Being disabled should not be a barrier to air travel and holidays. The important thing is to plan ahead and let the airline, travel agent or tour operator know what type of assistance you will require at the airport or on the plane. Try and give the airline as much notice as possible so they are able to arrange to have the appropriate staff in position for your journey. Booking as far in advance as possible will also save you money as advance fares are usually considerably cheaper.
If you are undertaking a particularly long journey ,and are unable to walk to and from the toilet, it is essential that you ensure that you book an aisle seat. It is also worth researching, bearing in mind how tiny airline toilets can be, if the plane’s toilet has a privacy curtain.
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Many international routes make use of wide bodied jets. It is worth checking to confirm that the plane has a wide enough aisle for the use of an aisle chair to get you around the plane. An aisle seat is usually very narrow with a bolt upright back and useful for transporting you to the toilet etc. Some routes may well only use wide bodied planes on some of their services over the same route so, if possible, try and book on one of these, especially if you want to make use of an aisle chair.
Wheelchairs and other mobility aids are usually unloaded first from the aircraft once it reaches its destination. These items will be returned to the passenger as soon as is practically possible and as near to the aircraft’s door as regulations permit.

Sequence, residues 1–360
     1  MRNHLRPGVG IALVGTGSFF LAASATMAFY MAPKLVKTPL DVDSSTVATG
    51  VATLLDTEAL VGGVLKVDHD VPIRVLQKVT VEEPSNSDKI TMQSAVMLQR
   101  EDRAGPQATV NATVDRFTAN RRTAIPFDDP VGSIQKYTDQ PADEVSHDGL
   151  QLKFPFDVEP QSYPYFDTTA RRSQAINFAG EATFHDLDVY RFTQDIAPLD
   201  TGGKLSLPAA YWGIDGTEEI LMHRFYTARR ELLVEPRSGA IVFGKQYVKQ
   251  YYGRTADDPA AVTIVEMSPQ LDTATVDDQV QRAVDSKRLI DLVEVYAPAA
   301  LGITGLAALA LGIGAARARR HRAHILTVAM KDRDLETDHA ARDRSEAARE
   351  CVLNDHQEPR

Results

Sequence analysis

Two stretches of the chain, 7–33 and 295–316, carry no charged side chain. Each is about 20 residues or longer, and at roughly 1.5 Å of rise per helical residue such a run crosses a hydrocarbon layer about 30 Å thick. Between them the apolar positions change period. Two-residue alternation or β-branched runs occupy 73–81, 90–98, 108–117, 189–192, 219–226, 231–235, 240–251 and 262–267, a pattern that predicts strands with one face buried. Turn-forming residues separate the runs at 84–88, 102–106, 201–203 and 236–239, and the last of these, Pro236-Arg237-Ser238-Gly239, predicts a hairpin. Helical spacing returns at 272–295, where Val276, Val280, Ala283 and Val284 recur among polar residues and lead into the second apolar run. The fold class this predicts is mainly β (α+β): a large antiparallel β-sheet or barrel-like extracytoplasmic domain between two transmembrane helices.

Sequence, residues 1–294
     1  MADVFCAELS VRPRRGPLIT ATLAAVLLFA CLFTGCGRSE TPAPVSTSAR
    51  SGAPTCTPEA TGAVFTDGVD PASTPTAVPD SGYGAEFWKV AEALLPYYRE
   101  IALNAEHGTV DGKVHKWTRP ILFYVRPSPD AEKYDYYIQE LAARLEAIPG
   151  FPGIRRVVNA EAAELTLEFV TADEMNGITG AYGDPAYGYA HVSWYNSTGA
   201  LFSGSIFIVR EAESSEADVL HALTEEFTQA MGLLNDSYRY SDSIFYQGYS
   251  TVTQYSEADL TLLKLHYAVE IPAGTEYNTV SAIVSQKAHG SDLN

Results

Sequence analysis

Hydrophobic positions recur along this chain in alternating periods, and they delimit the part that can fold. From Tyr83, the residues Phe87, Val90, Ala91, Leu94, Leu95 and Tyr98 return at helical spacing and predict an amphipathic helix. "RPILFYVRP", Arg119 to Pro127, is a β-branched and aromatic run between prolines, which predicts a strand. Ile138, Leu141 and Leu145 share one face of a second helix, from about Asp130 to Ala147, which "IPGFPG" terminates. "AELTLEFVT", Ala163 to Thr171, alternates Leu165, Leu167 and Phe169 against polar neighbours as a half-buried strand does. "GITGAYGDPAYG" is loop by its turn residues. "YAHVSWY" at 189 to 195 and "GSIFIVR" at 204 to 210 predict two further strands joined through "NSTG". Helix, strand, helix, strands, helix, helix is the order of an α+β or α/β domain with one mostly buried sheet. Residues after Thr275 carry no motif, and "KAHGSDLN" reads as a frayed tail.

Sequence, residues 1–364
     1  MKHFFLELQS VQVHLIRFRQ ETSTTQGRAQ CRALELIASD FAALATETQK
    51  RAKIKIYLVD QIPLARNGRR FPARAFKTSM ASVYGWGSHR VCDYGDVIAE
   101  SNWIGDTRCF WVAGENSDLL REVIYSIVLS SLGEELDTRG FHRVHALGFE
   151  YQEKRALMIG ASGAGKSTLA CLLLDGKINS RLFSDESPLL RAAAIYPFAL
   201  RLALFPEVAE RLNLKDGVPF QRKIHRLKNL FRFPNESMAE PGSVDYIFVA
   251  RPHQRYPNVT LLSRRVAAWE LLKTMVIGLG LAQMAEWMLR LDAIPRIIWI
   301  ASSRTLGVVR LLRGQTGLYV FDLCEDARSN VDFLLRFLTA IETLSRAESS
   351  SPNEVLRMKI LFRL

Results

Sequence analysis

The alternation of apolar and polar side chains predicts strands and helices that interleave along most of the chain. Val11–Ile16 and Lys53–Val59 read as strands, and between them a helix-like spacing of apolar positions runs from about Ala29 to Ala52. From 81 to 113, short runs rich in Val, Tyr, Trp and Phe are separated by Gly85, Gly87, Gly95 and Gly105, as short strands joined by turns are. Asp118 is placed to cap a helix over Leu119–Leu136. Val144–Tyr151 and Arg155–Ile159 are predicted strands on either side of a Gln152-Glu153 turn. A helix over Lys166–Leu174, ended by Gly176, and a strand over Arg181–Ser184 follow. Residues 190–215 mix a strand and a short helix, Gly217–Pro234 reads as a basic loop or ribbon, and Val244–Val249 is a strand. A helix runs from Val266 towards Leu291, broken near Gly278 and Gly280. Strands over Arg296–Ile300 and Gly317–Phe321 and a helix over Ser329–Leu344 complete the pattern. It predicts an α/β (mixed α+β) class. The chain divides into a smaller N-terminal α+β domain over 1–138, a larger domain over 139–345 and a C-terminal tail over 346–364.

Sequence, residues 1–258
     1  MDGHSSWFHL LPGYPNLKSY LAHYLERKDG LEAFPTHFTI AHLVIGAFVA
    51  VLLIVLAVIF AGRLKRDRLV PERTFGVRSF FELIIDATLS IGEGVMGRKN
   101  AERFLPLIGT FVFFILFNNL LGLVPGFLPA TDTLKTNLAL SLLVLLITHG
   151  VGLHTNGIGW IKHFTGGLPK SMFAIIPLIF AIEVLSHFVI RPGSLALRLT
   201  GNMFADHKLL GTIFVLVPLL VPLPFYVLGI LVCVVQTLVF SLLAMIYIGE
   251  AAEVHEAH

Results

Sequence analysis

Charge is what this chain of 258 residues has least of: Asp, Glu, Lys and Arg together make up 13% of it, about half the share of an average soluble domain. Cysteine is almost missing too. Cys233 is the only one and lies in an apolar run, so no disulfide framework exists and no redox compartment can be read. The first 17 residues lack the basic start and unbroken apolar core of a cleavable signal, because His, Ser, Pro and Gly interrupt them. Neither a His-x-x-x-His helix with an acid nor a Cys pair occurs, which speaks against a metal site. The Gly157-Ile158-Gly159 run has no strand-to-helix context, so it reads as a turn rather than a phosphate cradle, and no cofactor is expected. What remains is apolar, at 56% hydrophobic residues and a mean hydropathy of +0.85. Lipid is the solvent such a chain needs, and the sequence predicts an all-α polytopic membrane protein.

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The carrying of electric wheelchairs is allowed and airlines divide them into two distinct types. An electric wheelchair will be classed as a dangerous material on account of its battery being considered a hazard. A wheelchair powered by a battery that could spill must have the batteries entirely removed in circumstances where the chair will be upright for the entire journey and attached to the chair. Batteries that cannot spill, however, do not have to be removed from the chair unless it is believed that the battery has suffered damage and leakage is a possibility.
Some, usually larger airlines are often able to carry passengers in stretchers, although you will have to fly with supervision .This also often entails the purchase of additional seats(typically between 6 and 9) to make up for the airline’s loss of seating on the flight.
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At The Airport
Even if you are normally independent you may need help at the airport because of the long distances involved. To get to the gate it may be necessary to use a wheelchair or buggy. Airlines must carry your mobility equipment free of charge but some airlines are not required to compensate you in full if it is lost or damaged, so consider separate insurance cover .Also check how many pieces of mobility equipment you will be allowed to take with you as many airlines only allow 1 wheelchair per plane.
Health and safety legislation can prohibit passengers from taking their own wheelchair in the passenger cabin and this will be put in the hold. The point at which you have to change chairs will vary from airport to airport and the type of passenger boarding equipment used.
In some cases an airline may request that a companion accompanies a passenger,in order to provide assistance during the journey. To travel alone you should be capable of moving from a passenger seat to an onboard wheelchair, as cabin crew are prohibited from lifting passengers in and out of seats.